Re: [RISC-V] [tech-cmo] Fault-on-first should be allowed to return randomly on non-faults (also, running SIMT code on vector ISA)

Bill Huffman

I don't think the cases where there was no fault look any different to software than the fault cases.  Either can happen anywhere and the while loop may continue.  The while loop isn't ended by a trimmed vl, it's ended by data it sees.


On 10/16/20 10:47 AM, Roger Espasa wrote:


We're all in agreement that if the spec says "pick where you stop" we'd all pick to trim to VL=3. I was under the impression this was not yet closed (in light of the "stop at cache misses" discussion), but I sense everyone else is already on the "pick where you stop" camp.

Speaking of which, did we ever close on whether vleff could trim even when there was no fault (i.e., just because there's a cache miss for example)?
If the answer is "yes, you can arbitrarily stop on any element other than element 0", can someone show a while loop and how the compiler would then use vleff? I'm not seeing how they would use it, other than enclose the vleff loop in a second loop to make sure that "the index variable has reached the limit" (i.e., i<n, make sure that vleff has run enough times so that i has reached n).


On Fri, Oct 16, 2020 at 7:33 PM <krste@...> wrote:

As you get to pick where vl is trimmed, you would probably choose the
vl=3 case here to simplify implementation.


>>>>> On Fri, 16 Oct 2020 18:59:55 +0200, Roger Espasa <roger.espasa@...> said:

| Bill you said element 9, but did you mean element labeled "a" which is the 11th element in the vector? (I agree with that). 
| However, I would NOT agree that a masked out element has been written, even if past the failing point.

| roger.

| On Fri, Oct 16, 2020 at 6:57 PM Roger Espasa <roger.espasa@...> wrote:

|     Here's where the "implementation" cost comes in (at least in our implementation; others, of course, may have more clever ways of doing this)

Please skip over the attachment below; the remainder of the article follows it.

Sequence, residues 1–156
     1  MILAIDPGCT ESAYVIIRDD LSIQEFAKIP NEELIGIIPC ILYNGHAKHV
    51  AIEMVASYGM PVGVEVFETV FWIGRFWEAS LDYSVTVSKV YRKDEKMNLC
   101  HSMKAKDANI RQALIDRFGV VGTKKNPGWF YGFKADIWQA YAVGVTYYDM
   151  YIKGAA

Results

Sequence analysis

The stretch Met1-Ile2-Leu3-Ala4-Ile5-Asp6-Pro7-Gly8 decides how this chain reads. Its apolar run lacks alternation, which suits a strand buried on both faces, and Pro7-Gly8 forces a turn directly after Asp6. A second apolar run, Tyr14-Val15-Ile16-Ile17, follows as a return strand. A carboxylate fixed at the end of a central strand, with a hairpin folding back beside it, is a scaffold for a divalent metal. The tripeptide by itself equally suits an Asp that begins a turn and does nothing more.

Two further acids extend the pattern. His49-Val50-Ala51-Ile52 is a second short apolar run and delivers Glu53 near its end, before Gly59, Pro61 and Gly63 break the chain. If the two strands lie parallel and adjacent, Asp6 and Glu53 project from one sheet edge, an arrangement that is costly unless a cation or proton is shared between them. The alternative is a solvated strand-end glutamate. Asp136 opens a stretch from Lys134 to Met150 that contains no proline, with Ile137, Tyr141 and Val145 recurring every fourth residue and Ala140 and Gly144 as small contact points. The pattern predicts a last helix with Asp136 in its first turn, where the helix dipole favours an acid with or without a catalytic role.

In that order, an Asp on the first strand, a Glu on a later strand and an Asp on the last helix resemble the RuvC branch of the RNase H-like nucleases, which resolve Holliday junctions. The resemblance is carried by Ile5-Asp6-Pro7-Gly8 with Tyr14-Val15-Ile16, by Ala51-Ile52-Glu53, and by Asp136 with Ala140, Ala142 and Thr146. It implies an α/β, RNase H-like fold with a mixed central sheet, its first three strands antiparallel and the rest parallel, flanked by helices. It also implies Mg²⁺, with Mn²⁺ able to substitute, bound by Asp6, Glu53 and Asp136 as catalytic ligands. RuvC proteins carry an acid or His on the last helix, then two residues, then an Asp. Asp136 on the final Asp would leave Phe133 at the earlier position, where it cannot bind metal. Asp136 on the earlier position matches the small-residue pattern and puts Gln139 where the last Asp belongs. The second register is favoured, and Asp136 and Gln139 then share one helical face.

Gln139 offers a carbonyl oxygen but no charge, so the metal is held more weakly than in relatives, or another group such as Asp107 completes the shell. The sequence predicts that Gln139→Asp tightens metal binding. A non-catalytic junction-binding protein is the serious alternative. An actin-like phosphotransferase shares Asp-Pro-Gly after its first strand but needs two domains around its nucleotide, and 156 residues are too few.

-| If you pick "vl=3", then the vstart and vltrim calculations can be made one and the same
-| If you pick "vl=6" then the vstart and vltrim calculations are not exactly equal and vltrim needs a LZC on the mask for the elements within the line
|     followed by an adder. At SEW=8b, there can be lots of elements within a line...

|     roger.

|     On Fri, Oct 16, 2020 at 6:31 PM Bill Huffman <huffman@...> wrote:

|         The way the discussion has been going, I think either would be permissible.  Not only that, but it would have been permissible for element 9 already
|         to have been overwritten with 1's (if vma allows it).

|         I think bringing this up is good as we need to be sure what precisely we mean by the v*ff instructions.

|               Bill

|         On 10/16/20 8:57 AM, Roger Espasa wrote:

|             EXTERNAL MAIL

|             Here's a question for the group: I did in as a picture... hopefully it will go through the mailing list:

|             image.png

|             On Fri, Oct 16, 2020 at 4:56 PM David Horner <ds2horner@...> wrote:

|                 On 2020-10-16 10:30 a.m., krste@... wrote:
||||||| On Fri, 16 Oct 2020 07:48:00 -0400, "David Horner" <ds2horner@...> said:
|| | First I am very happy that "arbitrary decisions by the
|| | micro-architecture" allow reduction of vl to any [non-zero] value.
|| | Even if such appear "random".
|| [...]
|| | A check for vl=0 on platforms that allow it is eminently doable, low
|| | overhead for many use cases  AND guarantees forward progress under
|| | SOFTWARE control.
|| If we allowed implementation to return vl=0, how does software
|| guarantee forward progress?

|                 The forward progress is to advance to another task.

|                 In the case of machine mode it can potentially "resolve" the cause of
|                 the vl=0 return and re-execute the loop (without the overhead of the trap).

|| | I see it as no different [in fundamental principle] than other cases
|| | such as RVI integer divide by zero behaviour that does not trap but can
|| | be  readily checked for.
|| | Also RVI integer overflow that if you want to check for it is at most a
|| | few instructions including the branch.
|| I don't see how these examples relate to returning vl=0 on some
|| microarchitectural event.  The examples here have results that depend
|| only on architectural values, so can be deterministically handled.
|                 The similarity is the avoidance of trap handling, when it is sufficient
|                 to check instead register state.
|| vl=0 is more related to load-reserved/store-conditional failure, where
|| we need to add implementation constraints to guarantee forward
|| progress.

|                 Ok. I can see providing guidance as to when vl=0 is allowed, but not to
|                 exclude it outright.

|| Krste
| x[DELETED ATTACHMENT image.png, PNG image]

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